Past and future drought in Northwestern Algeria: the Beni Bahdel Dam catchment
- 1Ecole Nationale Supérieure d'Hydraulique de Blida, L-GEE, 09000, Blida, Algeria
- 2Ecole Nationale Supérieure d'Hydraulique de Blida, L-MVRE, 09000, Blida, Algeria
- 3European Commission, JRC, Directorate D – Sustainable Resources, Bio-Economy Unit, TP124 Via E. Fermi, 2749, 21027 Ispra (VA), Italy
Correspondence: Senna Bouabdelli (firstname.lastname@example.org)
In last decades, the impact of climate change started to appear in the semi-arid regions of the Mediterranean Basin. The severity and frequency of drought events in Northwestern Algeria have affected water resources availability and agriculture. This study aims to evaluate the temporal evolution of drought events characteristics, such as drought duration, frequency and severity, of the Beni Bahdel Dam catchment, Northwestern Algeria. Drought characteristics have been derived from the Standardized precipitation index (SPI) computed for the period from 1941 to 2100 using precipitation data from observations and simulations of the regional climate model RCA4 (Rossby Centre Atmosphere model, version 4). The RCA4 model was forced by the global circulation model MPI-ESM-LR under two Representative Concentration Pathways (RCPs) scenarios. The ability of the model simulations was firstly assessed to reproduce the drought characteristics from observed data (1951–2005). Then, future changes in drought characteristics over the twenty-first century were investigated under the two scenarios (RCP4.5 and RCP8.5). Results show an amplification of drought frequencies and durations in the future under the RCP8.5 scenario.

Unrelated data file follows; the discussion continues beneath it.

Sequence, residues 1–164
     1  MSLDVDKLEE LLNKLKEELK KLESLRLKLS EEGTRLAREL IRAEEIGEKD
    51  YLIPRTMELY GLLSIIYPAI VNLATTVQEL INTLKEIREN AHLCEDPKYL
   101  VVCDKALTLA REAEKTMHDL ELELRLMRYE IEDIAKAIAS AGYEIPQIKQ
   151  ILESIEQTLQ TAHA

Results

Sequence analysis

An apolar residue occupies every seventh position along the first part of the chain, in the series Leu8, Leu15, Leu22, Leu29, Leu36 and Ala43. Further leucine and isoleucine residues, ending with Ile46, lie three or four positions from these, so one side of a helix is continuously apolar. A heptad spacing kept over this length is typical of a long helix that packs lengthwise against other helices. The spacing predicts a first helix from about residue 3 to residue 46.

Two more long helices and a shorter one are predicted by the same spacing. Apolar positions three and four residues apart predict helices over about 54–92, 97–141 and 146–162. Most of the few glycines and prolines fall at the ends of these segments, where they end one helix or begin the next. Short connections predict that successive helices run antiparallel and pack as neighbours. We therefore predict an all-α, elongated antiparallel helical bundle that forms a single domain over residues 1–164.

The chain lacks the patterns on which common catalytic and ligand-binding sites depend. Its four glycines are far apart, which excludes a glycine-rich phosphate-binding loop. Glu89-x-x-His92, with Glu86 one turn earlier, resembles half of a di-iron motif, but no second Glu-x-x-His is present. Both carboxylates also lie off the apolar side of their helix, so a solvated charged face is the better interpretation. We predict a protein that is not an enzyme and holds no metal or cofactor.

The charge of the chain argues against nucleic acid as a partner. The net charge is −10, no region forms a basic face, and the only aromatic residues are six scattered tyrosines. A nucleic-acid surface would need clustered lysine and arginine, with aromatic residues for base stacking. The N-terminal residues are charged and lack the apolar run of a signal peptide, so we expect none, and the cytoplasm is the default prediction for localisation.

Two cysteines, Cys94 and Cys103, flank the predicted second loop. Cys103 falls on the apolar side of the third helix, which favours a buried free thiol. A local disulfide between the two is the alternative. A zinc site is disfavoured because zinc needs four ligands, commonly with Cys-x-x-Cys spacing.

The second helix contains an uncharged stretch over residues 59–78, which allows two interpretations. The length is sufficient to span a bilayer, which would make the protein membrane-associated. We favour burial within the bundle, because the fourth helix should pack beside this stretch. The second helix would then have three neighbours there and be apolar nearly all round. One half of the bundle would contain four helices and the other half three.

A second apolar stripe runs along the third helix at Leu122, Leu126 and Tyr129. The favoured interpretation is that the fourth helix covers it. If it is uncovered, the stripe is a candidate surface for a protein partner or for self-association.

In last decades, the impact of climate change started to appear in the Mediterranean basin. This change have caused enormous socio-economic damages, including water scarcity and drawdown of groundwater levels that has put rain-fed crops at risk. Marcos-Garcia et al. (2017) reported an increase in drought severity and duration in the southern part of the Mediterranean basin in the second half of the 20th century. Several studies also published drying trends in the Western Mediterranean region starting at different times, i.e. from the mid-1920's to 1950 and since the mid-1970's (Brunet et al., 2007; Zeroual et al., 2019). The vast plains of the western region of Algeria are an important agricultural production and farming zone. However, the Northwestern Algeria is particularly vulnerable area to climate change (Achour et al., 2020; Bouabdelli et al., 2020; Meddi et al., 2010; Zeroual et al., 2017). The severity and frequency of drought events in this region have affected water resources availability and agriculture and the trends to drier conditions seem to intensify. The western plains have suffered from a drastic reduction of rainfall by about 30 % since 1975 (Meddi et al., 2010). This reduction caused negative impacts on water resources availability in several periods. The Beni Bahdel Dam, which is principally designed for the irrigation of the western plains and drinking supply, has attained its minimum level in several years failing to satisfy the water demand. This situation likely will intensify in the future, where there is consensus in projections by the International Panel on Climate Change (IPCC) about future decreases in rainfall (Christensen et al., 2007). Zeroual et al. (2019) have also confirmed this for the Northwestern part of the country using the output of 15 regional climate models (RCMs), as part of the CORDEX-Africa program (Coordinated Regional climate Downscaling Experiment). The climate in Northwestern Algeria was humid in 1951, semi-arid since 1973 and it is projected to be arid in 2100. Bouabdelli et al. (2020) also found that hydrological drought risk determined with frequency analysis likely will rise especially under RCP8.5 with higher severities and durations.